Names - Something I have noticed and loved as a bibliophile is the abundance of literary and historical references scattered through out the books.  In this book even the title has a Shakespearean origin.  Caliban is the twisted son of a witch who is a slave to the main character Prospero of the Tempest, until he throws off his shackles to disastrous effect.  This is paralleled in our book by the protomolecule/human hybrid monsters breaking the human constraints.  The names of the ships are especially fun to look up.  The Rocinante is named after the horse in Don Quixote.  The Barbapiccola is named after a philosopher and poet.  The Somnambulist is a pretty awesome word for sleepwalking and the Guanshiyin is a Hindu Goddess.  Pretty much anything with a name has some sort of cool story attached to it...jut another layer of awesome.

Overall - I am so excited that this second installment lived up to my love of the first book.  This is not always the case and I now have super high hopes for the next book.  I have been putting these books on my phone 'cause they are super easy to read a couple of pages inbetween calls and dealing with the monsters so they have been my go to books lately.  I give this book 8 out of 10 bulbs of coffee and am totally stoked to catch up on the tv show AND read the next book.  I recommend it to anybody who wants a solid scifi story, misses game of thrones and doesn't mind vomit zombies instead of white walkers or who read the first book and loved it.  Happy Reading Everybody!

Friday, April 14, 2017

Sleeping And Dreaming

Sooooo incredibly tired...just need to close my eyes for a bit.
I'll see you all later.  Happy Reading Everybody!

Sunday, April 9, 2017

FriendsThat Are Family

Ok, so these last couple weeks have been super rough and to be honest it is probably not gonna improve for at least a couple weeks more.  That being said I have this amazing group of friends that have become my family.  After coming home from work and sobbing and blubbering to Hubbin (who was f*%#ing amazing by the way) I immediately contacted my friends...who in all honesty are not my friends, they are my family and boy did they come through and help pull me out of my funk.  Being of the literary minded I was eventually led to think of all of the awesome friendships in my beloved books (who also work as friends and family lol).  Here are some friendships that I feel bring the vibe that I have with my peeps.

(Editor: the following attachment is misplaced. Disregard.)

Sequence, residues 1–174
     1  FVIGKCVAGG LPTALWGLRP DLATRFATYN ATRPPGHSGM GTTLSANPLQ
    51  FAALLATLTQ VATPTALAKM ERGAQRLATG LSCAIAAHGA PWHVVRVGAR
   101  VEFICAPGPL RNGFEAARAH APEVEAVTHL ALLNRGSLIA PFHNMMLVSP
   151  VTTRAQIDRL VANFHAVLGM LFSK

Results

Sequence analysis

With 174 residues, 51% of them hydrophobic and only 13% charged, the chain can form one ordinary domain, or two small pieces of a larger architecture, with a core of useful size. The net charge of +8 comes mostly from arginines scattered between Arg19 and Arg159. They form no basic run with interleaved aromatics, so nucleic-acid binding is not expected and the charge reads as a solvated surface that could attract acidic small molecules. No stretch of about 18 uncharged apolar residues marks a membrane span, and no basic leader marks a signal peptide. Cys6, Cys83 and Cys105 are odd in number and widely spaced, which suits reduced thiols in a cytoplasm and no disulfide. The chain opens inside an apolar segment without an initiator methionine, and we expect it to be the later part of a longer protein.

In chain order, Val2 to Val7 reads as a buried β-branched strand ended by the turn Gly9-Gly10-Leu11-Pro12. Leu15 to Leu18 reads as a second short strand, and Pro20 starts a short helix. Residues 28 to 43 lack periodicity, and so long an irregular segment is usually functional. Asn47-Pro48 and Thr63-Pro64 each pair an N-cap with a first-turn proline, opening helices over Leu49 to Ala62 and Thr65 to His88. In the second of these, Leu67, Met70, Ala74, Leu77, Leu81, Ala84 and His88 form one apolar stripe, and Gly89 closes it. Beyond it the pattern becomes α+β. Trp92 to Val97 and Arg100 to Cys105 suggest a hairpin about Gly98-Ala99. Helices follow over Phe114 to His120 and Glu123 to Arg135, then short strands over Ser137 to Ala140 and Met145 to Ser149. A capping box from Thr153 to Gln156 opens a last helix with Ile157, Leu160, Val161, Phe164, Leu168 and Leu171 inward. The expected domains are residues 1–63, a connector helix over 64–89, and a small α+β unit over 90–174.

Samwise Gamgeee - After mentioning this one to Hubbin, he made the point that I really did not need to look any further, and he is probably right.  Sam from J.R.R. Tolkien's Lord of the Rings series, embodies true friendship to the point of family.  He takes his duties as Frodo's best friend very seriously. He keeps Frodo fed, clothed and in all honesty grounded in reality.  I still maintain without Sam, Frodo would have perished...or at least given up very early on.  This guy embodies everything one looks for in a true best friend.  Loyalty, helpfulness, intelligence, resourcefulness...seriously this guy is the ultimate best friend!

Jill and Eustace - At the outset this mismatched pair from C.S. Lewis Silver Chair don't seem like friends at all.  Over the course of the book however the two learn to not only work together, but to trust each other in a way that ensures an enduring life long friendship.  This friendship is proven in later books as the pair are brought back the to magical world of Narnia once again to help it.  This is a case of circumstances leading to the choice of becoming mortal enemies or best of friends and these two decide on the bond of friendship, much to their mutual benefit.

A Through L - After being brought to a world of pure awesomeness, our favorite heroine, September meets up with the wavery A-L and forms a lifelong friendship that can never end.  Through out the series we see just how tight these two are and just how valuable the friendship is.  This is a case of truly mutual beneficial a friendship can be, as both parties rely on each other, help each other, depend on each other and come through for each other no matter the situation.  Even though both parties meet other entities the truest friendship is with each other and that is awesome.

Piemur - This lovable scamp is the friend that all of need.  When Menolly arrives friendless, familyless and pretty much nothingless (that's a word right?), this guy steps right in.  Through his cleverness and ability to manipulate almost anybody, Piemur helps Menolly go from a friendless oddity to one of the most valued members of Harper Hall.  This friendship continues as both parties grow older.  This is a friendship that is shared until death, this is a friendship that causes children to call them auntie and uncle, this is a friendship that can never end as it is so tight that the bonds of family and friend are irrevocably blurred.